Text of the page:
By Catherine DiMercurio
On Thursday, June 23, 2016, the people of Great Britain held a referendum on whether to leave the European Union. In the months leading up to the historic vote, the prospect of the British exit from the EU came to be known as “Brexit.” The world was shocked to learn the outcome of the vote: The British people voted to leave the EU. I was shocked as well. My fourteen-year-old son is fairly politically engaged and had a lot of questions, as did I. What our research revealed is that there is a tangled web of cause and effect. Here are a few of the issues at the heart of that web.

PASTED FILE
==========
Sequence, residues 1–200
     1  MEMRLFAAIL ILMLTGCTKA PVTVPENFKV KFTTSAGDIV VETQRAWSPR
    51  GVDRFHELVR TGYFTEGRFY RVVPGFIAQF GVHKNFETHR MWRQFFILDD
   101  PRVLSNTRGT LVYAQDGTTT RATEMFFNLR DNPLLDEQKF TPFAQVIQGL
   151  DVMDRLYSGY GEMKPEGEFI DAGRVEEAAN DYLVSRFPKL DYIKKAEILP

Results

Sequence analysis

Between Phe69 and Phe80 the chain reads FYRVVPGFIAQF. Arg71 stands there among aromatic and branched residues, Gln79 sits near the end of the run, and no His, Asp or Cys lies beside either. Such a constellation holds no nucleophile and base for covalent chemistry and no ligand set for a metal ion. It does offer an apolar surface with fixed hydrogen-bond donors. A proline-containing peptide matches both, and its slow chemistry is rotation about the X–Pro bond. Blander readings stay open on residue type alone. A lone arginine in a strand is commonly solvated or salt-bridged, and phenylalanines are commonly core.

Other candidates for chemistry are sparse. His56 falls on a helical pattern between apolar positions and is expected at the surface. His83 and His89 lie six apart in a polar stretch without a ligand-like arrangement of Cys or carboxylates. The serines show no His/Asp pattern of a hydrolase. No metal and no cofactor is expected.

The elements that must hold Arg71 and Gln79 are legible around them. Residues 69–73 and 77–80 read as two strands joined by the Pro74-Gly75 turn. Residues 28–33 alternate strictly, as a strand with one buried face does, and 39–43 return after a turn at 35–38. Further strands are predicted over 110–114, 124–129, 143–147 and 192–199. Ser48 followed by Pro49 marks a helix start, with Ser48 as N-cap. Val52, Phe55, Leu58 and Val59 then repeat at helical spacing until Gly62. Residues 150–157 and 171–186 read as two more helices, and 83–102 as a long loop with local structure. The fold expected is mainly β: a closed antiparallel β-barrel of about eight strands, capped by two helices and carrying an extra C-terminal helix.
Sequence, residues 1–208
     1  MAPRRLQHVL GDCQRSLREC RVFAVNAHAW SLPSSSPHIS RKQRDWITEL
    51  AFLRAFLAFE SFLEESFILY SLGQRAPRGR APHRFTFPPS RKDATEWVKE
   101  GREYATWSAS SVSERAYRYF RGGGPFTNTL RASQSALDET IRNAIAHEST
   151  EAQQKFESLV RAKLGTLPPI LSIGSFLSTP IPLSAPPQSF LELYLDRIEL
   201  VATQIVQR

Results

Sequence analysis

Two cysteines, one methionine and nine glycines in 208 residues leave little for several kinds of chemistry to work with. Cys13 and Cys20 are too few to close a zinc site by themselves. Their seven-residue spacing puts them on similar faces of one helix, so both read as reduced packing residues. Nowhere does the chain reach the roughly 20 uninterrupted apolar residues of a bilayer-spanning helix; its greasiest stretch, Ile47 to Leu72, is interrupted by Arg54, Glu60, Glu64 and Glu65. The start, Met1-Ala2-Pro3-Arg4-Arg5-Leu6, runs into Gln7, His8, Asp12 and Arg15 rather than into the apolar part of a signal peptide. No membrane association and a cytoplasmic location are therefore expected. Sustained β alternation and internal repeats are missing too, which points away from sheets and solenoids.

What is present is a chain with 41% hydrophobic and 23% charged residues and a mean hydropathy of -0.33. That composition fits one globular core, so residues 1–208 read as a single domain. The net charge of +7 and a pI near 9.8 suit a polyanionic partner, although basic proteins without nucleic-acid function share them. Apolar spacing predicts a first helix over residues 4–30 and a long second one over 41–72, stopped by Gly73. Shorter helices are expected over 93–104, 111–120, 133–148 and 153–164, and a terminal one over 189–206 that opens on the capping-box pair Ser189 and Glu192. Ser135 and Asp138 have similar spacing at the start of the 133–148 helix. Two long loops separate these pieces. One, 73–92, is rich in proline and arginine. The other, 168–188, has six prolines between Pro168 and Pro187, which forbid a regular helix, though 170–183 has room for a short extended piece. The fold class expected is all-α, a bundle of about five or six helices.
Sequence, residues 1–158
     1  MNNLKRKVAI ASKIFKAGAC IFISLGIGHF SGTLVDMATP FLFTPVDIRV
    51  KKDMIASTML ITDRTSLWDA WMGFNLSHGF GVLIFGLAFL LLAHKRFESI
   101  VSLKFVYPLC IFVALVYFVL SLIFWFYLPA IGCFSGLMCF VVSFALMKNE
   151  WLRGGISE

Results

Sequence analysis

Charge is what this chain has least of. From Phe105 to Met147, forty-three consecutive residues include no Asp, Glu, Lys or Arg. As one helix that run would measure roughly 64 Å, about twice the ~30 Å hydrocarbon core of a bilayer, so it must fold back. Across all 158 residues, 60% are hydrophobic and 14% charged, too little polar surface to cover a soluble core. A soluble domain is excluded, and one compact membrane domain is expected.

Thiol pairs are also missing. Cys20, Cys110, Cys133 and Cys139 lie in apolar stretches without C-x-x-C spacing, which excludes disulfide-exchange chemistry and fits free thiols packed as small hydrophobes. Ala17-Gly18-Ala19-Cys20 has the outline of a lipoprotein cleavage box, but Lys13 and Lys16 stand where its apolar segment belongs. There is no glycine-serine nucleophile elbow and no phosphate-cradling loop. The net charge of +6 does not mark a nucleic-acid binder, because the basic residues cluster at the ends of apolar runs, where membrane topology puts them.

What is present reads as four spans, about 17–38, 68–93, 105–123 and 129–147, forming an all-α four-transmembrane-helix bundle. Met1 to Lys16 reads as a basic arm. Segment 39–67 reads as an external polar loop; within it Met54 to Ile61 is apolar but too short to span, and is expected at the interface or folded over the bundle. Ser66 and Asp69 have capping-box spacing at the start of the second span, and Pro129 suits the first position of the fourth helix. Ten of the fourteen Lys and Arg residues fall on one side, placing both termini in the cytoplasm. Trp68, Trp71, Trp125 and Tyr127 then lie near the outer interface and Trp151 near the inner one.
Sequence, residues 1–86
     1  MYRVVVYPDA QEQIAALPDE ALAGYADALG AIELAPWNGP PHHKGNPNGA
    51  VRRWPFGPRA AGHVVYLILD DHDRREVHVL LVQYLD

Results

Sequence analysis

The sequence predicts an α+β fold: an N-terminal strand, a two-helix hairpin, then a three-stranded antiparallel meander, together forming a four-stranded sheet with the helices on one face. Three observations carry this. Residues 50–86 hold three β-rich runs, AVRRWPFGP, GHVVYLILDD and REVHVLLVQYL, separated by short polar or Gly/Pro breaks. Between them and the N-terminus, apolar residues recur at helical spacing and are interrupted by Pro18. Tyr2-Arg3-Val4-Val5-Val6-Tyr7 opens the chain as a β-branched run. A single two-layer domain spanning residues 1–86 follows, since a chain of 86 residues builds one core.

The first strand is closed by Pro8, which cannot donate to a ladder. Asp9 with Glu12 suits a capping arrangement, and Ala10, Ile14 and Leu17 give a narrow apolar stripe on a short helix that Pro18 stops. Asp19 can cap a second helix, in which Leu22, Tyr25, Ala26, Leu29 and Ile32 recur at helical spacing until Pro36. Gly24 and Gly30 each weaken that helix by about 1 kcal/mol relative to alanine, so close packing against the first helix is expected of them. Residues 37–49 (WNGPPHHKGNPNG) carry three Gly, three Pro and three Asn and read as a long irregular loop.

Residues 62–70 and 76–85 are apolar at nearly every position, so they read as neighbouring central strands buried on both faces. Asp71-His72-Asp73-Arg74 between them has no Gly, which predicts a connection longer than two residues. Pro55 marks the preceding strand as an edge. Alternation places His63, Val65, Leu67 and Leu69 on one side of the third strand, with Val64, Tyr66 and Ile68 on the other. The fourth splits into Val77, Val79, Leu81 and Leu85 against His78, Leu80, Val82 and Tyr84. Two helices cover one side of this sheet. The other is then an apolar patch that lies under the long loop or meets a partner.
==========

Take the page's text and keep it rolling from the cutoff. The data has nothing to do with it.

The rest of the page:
What lead the Brits to hold the referendum in the first place?
Those who argued for leaving pointed to the diminished influence Britain has had within the massive bureaucracy of the EU. There were also concerns about the steady increase in immigration to Great Britain. The arguments for staying focused heavily on the importance of economic relationships with the European community and beyond. These arguments are detailed in a number of articles and audio files presented in Gale Opposing Viewpoints In Context.